Government Spending

Discussion in 'Congress' started by bluesman, Apr 4, 2014.

  1. bluesman
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    bluesman Registered Damn User

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    Since Congress is in charge of spending, I am posting in this thread in the "Congress" section of the forum.


    I heard this guy, Bill White, the former Houston Mayor, being interviewed on the radio yesterday and I was impressed with what he was saying. You can click on the link to read a different interview that he did also.

    BOOK REVIEW & Conversation: 'America's Fiscal Constitution' by Bill White | The Rivard Report

    In the book – which is surprisingly readable, despite being dense with information. White examines periods in American history when the government went into debt. Using these examples, he elucidates part of an unwritten constitution, the American Fiscal Tradition, that guided how the government spent money, levied taxes, and borrowed money.

    For those of us who came of voting age post-2001, it’s full of surprises.

    His conclusion: America grew into the superpower that it is on a “pay as you go” plan, borrowing money only to preserve the nation, expand and connect the nation’s borders, wage war, and during severe economic downturns. When they borrowed, repayment was a front and center priority in the short years that followed.

    What’s different now, White explains, is that both parties lack the political will to directly correlate spending and taxes. Our nation is borrowing money to pay for normal expenses – like Medicare. Meanwhile we continue with a wartime budget that was never financed through taxes. The problem is bipartisan, and White offers up bipartisan suggestions to get a conversation rolling. He maintains that while polarized leadership may have different desires when balancing the budget, history shows that if it’s a high enough priority for both parties, it can happen. And it would really help if the voters knew what to demand.

    “America’s Fiscal Constitution” might not be this summers #1 beach read, but if it were, we’d be a long way toward a more informed electorate.
     
    • Informative Informative x 1
  2. waltky
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    waltky Wise ol' monkey Supporting Member

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    Overall spending increased, But Spending on Defense, Homeland Security, Justice Declined...

    Federal Spending Increased $183.9B in FY15—But Spending on Defense, Homeland Security, Justice Declined
    October 19, 2015 | - Even as overall federal spending increased by $183,890,000,000 from fiscal 2014 to fiscal 2015, spending for the departments of Defense, Homeland Security and Justice declined, according to the Monthly Treasury Statement for September.
    See also:

    Washington Sets Stage for Another Financial Crisis
    October 19, 2015 | My 13-year-old son told me at the dinner table the other day that Franklin Roosevelt was one of America’s “greatest presidents” because “he ended the Great Depression.” He’s usually a good student, so I checked where he got this tripe, and sure enough, the fairy tale was right there in his American history book.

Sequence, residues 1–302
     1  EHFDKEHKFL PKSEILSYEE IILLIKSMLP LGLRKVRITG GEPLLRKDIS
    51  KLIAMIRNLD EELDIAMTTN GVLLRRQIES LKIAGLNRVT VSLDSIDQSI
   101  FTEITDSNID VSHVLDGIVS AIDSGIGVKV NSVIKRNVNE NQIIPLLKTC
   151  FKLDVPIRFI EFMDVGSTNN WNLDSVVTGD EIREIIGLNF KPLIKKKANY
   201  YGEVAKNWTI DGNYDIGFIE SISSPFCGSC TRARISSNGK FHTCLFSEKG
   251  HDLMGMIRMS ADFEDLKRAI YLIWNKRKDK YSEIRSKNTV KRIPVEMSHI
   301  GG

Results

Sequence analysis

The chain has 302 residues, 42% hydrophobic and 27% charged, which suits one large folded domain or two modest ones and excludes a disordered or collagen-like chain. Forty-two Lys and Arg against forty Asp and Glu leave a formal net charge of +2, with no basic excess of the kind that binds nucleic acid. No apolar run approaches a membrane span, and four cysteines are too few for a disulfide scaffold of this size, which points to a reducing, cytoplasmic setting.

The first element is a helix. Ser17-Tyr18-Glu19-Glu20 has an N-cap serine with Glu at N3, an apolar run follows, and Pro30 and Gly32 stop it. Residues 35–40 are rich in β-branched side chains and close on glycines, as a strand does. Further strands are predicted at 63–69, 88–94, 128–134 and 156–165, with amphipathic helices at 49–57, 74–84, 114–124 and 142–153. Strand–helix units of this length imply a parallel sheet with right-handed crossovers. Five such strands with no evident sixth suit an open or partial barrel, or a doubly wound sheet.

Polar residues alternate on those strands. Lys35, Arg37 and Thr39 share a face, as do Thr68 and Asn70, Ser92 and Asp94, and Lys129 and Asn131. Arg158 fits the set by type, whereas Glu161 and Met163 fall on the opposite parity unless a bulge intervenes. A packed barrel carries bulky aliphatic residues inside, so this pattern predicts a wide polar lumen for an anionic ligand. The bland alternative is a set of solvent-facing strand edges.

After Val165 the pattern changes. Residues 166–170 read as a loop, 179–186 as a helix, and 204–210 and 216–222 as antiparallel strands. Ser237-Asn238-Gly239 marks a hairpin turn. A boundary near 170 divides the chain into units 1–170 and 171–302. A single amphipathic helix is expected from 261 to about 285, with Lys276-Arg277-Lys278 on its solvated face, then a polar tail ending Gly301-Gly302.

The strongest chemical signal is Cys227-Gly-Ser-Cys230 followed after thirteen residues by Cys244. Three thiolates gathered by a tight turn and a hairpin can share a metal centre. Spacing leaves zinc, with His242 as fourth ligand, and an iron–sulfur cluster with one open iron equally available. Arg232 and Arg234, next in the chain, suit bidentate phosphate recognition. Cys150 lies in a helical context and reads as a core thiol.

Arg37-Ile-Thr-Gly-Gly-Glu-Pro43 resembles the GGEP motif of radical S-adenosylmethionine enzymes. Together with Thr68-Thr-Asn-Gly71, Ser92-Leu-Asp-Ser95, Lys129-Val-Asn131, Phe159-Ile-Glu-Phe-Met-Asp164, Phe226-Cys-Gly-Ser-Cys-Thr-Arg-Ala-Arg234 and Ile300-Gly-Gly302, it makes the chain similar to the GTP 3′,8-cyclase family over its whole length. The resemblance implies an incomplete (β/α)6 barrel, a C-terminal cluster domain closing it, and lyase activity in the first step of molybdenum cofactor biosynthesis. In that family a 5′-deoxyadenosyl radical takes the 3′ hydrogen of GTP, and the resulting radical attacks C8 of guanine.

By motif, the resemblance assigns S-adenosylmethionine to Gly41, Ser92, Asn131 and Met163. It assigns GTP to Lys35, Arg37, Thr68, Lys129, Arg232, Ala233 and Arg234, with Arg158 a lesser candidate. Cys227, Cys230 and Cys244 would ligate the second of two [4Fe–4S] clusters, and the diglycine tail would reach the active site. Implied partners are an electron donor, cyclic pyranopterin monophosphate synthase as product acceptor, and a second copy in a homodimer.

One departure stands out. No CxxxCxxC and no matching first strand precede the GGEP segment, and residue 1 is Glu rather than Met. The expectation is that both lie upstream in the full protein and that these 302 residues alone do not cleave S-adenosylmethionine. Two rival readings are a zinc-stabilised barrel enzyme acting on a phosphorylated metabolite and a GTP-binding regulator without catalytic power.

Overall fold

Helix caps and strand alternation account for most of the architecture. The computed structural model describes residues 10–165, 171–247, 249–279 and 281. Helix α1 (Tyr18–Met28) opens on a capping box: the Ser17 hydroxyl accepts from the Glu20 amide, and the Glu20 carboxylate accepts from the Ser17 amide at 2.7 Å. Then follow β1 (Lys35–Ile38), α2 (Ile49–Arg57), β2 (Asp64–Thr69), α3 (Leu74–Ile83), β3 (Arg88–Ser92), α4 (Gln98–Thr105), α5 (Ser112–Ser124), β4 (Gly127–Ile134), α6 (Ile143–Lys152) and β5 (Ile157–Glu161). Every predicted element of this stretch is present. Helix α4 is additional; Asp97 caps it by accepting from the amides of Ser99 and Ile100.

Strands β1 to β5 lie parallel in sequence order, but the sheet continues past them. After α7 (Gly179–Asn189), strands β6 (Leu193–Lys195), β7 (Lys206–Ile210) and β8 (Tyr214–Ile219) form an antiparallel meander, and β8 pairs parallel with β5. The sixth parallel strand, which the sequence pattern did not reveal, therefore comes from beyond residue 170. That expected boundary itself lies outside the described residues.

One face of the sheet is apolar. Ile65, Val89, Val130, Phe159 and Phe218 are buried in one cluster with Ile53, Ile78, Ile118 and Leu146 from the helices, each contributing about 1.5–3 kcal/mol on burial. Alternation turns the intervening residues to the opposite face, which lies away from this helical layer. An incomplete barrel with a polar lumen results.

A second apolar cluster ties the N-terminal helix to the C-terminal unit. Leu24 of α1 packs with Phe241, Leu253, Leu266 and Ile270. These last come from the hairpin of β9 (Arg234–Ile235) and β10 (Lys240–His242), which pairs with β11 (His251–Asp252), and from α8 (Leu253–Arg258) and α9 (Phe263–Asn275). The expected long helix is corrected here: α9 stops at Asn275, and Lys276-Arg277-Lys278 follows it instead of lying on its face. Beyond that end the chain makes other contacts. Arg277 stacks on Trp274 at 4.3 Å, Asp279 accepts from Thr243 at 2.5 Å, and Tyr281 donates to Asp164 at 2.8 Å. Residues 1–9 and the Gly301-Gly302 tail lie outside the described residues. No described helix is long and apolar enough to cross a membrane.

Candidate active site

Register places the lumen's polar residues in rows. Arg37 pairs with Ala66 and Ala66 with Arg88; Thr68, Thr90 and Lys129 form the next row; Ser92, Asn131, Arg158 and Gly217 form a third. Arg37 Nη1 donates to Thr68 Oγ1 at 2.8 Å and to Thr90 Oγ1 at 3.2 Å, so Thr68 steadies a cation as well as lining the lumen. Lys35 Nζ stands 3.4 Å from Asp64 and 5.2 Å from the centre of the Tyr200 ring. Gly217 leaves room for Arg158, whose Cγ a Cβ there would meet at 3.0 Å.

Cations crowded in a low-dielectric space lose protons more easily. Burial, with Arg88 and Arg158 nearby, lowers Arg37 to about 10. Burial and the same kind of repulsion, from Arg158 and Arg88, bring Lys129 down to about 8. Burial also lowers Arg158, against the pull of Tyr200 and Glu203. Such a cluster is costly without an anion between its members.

Related:

    $496,000 State Department Grant Uses Weaving to Empower Women, Girls in Timor-Leste
    October 16, 2015 | - The State Department is planning to award $496,000 in taxpayer funds to help female weavers in the Southeast Asian nation of Timor-Leste.
     
    Last edited: Oct 20, 2015
  3. AdvancingTime
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    AdvancingTime Senior Member

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    In November of 2014 the national debt was poised to pass the 18 trillion mark. As of now the National Debt Clock shows 800 billion dollars has been added to the total and the amount owed continues to grow. A major concern for this writer is that in 2017 entitlements are poised to balloon causing a massive spike in government spending.

    The myths the budget is under control and that a scenario of growth coupled with a falling deficit will allow us to outgrow many of the problems we face brings with it a false optimism and hope. The fact is we are mired in the mist of the greatest government debt bubble in the history of the world. More concerning this subject in the article below.

    http://brucewilds.blogspot.com/2015/08/national-debt-is-exploding.html
     
  4. AdvancingTime
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    AdvancingTime Senior Member

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    At one time a billion dollars was a massive amount of money and it still is. Most people that have not thought about it might not think so considering how modern media and politicians throw the "B" word around. A million is a large number so the magnitude or difference between billion and million is very important.

    To put it in perspective think in terms of someone working every year from the age of 20 until they are 60 making $25,000 a year. Their total income over their life would be one million dollars. Below is an article that attempts to bring into focus the massive size of a billion dollars.

    Advancing Time: An Ugly Math Primer On American Debt
     

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